In “Theses,” section iii, the collective reflects upon the interconnected practice of critical theory and history. “Critical historians . . . recognize that they are psychically, epistemologically, ethically, and politically implicated in their objects of study. . . . Psychically, historians should acknowledge and try to work through, rather than simply act out, their unconscious investments in their material. . . . Ethically, historians bear a responsibility toward—are in some way answerable to—the actors and ideas, as well as their legacies and afterlives, being analyzed” (iii.6).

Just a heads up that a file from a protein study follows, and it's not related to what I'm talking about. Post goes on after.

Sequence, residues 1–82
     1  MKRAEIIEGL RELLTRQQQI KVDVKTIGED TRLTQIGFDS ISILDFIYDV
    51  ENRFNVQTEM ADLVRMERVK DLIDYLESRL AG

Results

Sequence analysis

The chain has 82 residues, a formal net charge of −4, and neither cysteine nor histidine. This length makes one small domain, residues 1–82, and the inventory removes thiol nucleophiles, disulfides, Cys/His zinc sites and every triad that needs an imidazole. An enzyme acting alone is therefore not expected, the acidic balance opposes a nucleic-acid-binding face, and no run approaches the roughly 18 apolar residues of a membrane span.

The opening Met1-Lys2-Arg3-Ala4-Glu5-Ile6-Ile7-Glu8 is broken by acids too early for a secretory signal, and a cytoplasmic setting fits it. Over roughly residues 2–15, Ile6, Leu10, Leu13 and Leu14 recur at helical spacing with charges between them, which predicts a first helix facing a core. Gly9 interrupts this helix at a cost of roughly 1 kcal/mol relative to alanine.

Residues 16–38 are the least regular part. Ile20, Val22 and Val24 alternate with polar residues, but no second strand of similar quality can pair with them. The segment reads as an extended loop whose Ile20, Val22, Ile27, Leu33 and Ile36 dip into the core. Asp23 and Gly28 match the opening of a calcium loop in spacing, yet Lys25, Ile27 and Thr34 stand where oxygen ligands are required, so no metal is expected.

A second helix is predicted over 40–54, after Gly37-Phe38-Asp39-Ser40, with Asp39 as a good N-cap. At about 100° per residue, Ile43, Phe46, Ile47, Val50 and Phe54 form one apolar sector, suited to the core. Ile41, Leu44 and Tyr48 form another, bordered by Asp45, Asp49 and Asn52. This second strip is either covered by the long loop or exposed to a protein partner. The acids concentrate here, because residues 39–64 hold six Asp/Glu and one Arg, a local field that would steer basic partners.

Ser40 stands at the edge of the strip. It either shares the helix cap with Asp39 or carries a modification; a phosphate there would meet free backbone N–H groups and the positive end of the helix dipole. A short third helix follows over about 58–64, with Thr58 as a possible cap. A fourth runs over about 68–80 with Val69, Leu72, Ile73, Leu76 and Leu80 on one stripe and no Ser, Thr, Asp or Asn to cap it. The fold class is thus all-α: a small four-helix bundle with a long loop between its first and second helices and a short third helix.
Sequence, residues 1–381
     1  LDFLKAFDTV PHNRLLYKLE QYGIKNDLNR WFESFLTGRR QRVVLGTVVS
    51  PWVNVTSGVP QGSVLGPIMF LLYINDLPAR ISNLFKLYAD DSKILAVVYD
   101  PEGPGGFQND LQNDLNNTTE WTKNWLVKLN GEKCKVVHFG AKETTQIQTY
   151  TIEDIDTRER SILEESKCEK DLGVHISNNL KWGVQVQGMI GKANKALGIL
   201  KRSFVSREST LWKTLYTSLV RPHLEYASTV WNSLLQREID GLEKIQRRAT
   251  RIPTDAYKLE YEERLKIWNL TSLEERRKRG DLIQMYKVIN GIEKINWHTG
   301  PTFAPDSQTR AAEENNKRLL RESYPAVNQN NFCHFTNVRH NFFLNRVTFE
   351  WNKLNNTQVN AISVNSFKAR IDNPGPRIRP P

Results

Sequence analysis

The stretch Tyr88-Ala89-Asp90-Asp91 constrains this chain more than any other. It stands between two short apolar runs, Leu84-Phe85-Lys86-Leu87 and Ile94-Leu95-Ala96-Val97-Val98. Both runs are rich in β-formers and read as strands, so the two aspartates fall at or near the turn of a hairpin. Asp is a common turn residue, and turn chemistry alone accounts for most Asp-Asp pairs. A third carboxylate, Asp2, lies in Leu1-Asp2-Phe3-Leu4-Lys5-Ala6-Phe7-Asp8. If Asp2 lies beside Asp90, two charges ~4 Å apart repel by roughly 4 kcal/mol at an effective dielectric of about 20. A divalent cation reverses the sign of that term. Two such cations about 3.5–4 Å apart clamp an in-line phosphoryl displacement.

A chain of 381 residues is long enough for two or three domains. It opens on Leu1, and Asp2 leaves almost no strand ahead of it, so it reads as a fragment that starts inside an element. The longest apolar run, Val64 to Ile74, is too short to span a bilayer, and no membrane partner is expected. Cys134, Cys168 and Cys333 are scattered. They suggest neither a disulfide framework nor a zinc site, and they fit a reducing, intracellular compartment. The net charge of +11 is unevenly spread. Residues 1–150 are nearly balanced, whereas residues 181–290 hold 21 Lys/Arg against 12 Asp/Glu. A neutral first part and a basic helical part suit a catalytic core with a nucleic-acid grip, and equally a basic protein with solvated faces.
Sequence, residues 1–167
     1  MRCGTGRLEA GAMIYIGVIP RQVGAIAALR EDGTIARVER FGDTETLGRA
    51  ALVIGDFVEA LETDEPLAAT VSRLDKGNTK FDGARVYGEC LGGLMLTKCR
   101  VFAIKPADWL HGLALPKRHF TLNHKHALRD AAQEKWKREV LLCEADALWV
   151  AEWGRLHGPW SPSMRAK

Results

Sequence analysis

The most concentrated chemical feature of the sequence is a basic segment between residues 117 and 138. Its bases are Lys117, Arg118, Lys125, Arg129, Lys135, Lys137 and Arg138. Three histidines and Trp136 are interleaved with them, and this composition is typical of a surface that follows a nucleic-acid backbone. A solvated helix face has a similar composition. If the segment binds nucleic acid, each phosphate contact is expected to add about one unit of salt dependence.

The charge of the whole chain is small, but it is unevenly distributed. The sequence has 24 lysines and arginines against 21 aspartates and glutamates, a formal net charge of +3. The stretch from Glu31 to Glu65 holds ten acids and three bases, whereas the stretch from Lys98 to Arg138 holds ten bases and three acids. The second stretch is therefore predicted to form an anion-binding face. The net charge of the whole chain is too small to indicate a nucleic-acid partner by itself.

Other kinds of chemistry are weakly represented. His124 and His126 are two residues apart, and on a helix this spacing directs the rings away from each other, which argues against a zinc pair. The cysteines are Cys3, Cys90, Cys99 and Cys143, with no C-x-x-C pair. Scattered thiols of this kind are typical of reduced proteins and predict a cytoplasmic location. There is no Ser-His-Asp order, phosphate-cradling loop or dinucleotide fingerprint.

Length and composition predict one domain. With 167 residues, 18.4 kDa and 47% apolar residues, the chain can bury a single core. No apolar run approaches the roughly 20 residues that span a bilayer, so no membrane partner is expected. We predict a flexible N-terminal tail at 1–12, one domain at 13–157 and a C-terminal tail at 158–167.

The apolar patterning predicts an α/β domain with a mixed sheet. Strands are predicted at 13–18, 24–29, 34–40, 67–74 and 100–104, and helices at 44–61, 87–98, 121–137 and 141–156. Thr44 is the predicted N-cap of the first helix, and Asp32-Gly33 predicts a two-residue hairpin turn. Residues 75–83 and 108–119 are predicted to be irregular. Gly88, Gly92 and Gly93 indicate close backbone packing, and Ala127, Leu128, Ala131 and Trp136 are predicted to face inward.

What, then, is the role of ethics within the writing of history? And how might our ethics be connected to the psychic stakes we hold in our objects of study? As historians, what is our responsibility to the dead in our present historical moment of danger, what Sigmund Freud...

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